Jim Bouton’s Ball Four is one of the most famous books about baseball. Given my love of baseball and reading, it’s hard for me to believe I didn’t read it until now. Now that I have read Ball Four, I can see why it has been so popular for so long.
Hank Green’s An Absolutely Remarkable Thing took time to grow on me, but now I’m looking forward to the sequel.
Dan Barry’s The Bottom of the 33rd tells the story of a 33-inning game played between the Pawtucket Red Sox and the Rochester Red Wings in 1981. As a fan of baseball, I have been interested in this game since first hearing about it as a child. I would love to hear the recording of the radio broadcast of this game. It must have been a truly amazing event.
Robert Peterson’s Only the Ball was White is a must read for anyone interested in baseball and the negro leagues.
Benjamin Carter Hett’s The Nazi Menace: Hitler, Churchill, Roosevelt, Stalin and the road to war paints interesting pictures of what was happening in all four nations in the years leading ups to World War II.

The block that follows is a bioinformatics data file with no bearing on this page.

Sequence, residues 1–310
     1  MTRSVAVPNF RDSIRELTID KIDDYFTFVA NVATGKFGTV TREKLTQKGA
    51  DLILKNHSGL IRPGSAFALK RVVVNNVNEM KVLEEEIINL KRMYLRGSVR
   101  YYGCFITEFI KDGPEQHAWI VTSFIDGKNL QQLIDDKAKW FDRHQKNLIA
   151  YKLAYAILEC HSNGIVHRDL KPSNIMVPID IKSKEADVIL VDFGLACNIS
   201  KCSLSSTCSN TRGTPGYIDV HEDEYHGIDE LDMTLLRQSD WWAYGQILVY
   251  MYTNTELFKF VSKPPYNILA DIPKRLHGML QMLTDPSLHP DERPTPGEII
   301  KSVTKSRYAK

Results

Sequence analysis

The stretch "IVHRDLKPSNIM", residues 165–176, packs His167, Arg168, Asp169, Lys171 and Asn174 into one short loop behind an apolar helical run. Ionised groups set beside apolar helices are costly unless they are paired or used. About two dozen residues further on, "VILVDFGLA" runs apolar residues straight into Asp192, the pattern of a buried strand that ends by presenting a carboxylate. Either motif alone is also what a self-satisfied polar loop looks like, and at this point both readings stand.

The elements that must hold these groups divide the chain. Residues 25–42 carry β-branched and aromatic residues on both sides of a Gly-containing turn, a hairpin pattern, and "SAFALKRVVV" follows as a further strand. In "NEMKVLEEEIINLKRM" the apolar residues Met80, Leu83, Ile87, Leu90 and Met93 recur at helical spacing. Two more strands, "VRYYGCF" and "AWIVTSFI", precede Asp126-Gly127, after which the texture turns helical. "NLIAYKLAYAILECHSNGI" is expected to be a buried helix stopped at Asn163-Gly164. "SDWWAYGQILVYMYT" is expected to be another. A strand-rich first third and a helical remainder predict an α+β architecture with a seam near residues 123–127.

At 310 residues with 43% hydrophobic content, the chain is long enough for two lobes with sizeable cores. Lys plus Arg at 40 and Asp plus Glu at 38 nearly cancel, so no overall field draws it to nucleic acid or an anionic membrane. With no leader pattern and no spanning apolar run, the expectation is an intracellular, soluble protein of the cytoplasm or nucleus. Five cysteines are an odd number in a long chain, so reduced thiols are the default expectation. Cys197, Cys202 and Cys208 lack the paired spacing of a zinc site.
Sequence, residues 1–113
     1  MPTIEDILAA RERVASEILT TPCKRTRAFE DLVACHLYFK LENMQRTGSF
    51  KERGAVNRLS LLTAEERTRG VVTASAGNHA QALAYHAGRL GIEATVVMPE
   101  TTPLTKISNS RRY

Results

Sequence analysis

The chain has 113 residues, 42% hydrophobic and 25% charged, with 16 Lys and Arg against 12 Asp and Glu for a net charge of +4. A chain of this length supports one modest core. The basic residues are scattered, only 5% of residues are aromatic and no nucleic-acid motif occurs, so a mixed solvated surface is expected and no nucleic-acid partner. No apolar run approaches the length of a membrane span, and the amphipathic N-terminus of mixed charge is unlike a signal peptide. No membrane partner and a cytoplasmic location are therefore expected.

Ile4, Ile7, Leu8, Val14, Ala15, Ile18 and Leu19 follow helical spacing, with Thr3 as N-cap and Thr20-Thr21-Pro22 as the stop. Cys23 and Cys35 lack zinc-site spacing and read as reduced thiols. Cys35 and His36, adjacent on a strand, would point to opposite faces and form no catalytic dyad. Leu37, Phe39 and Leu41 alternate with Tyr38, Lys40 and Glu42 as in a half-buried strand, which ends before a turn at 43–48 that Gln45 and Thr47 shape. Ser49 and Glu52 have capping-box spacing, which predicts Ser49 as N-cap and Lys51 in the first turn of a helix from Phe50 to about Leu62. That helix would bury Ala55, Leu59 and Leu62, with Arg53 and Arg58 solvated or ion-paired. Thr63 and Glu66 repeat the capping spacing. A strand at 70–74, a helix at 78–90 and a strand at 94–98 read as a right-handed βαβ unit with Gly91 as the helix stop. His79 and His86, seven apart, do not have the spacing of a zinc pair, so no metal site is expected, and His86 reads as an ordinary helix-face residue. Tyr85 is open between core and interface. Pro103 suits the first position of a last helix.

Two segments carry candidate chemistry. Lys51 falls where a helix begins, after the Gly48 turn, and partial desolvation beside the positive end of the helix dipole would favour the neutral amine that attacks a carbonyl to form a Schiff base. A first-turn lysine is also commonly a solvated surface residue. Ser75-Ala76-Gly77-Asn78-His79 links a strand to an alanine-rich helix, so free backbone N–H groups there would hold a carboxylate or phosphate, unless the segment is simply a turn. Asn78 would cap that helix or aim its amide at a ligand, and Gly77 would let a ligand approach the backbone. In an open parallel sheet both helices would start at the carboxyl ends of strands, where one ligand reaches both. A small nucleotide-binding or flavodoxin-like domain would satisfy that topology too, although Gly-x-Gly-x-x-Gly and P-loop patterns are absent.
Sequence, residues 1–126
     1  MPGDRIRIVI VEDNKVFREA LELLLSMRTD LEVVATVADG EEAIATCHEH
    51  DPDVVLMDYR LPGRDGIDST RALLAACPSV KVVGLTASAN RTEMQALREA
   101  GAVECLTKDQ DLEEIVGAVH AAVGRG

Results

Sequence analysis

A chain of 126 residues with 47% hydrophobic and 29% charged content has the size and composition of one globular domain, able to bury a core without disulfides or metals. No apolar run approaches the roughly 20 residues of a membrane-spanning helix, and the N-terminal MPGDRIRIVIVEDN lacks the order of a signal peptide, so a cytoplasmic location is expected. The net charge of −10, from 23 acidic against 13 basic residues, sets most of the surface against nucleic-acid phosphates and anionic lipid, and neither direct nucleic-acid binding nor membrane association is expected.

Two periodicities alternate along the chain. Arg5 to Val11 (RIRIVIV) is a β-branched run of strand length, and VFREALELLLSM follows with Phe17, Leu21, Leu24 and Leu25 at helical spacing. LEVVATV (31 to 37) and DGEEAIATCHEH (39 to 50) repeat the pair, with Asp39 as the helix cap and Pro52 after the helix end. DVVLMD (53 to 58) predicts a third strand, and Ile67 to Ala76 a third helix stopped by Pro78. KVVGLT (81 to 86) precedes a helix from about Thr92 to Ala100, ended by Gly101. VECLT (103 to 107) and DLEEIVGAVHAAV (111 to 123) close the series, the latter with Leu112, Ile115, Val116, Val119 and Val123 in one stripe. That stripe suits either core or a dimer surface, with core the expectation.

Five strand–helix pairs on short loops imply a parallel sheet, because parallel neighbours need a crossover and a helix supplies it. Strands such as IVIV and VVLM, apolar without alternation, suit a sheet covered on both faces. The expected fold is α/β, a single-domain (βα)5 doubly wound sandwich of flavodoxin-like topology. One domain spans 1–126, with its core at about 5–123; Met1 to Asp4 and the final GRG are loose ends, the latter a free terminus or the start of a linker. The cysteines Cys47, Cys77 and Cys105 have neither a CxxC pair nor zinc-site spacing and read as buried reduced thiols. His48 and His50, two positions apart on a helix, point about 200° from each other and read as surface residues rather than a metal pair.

Cured is another in Robin Cook’s Jack Stapleton & Laurie Montgomery series. As always with this series, I enjoyed the book.
A Game as Old as Empire builds on Confessions of an Economic Hitman. Edited by Stephen Hiatt, A Game as Old as Empire is a collection of essays by people who are confessing their participation in the abuse of people around the world committed by governments and corporations working together.
Over a decade old, some of the data presented in A Game as Old as Empire is no longer accurate. Some of the programs described have been changed or deleted. But the book is a critical contribution to our understanding of the ways governments, especially the United States, abuse and exploit people at the behest of multinational corporations.
Foreign Body is another in Robin Cook’s Jack Stapleton & Laurie Montgomery series. In this book, though, Jack and Laurie are pretty small players. While I enjoyed the book, I often found myself wondering why they were included. By the end, I felt like the whole story could have been told without them.
Robin Cook’s Intervention is another in the Jack Stapleton & Laurie Montgomery series. I have always enjoyed reading about Jack and Lori. This was no exception.
Benjamin Carter Hett’s The Death of Democracy: Hitler’s Rise and the Downfall of the Weimar Republic isn’t the first book I have read trying to explain how Hitler came to power, but it’s the best. Reading it as too many Americans pretend that Biden’s victory saved American democracy was particularly sobering.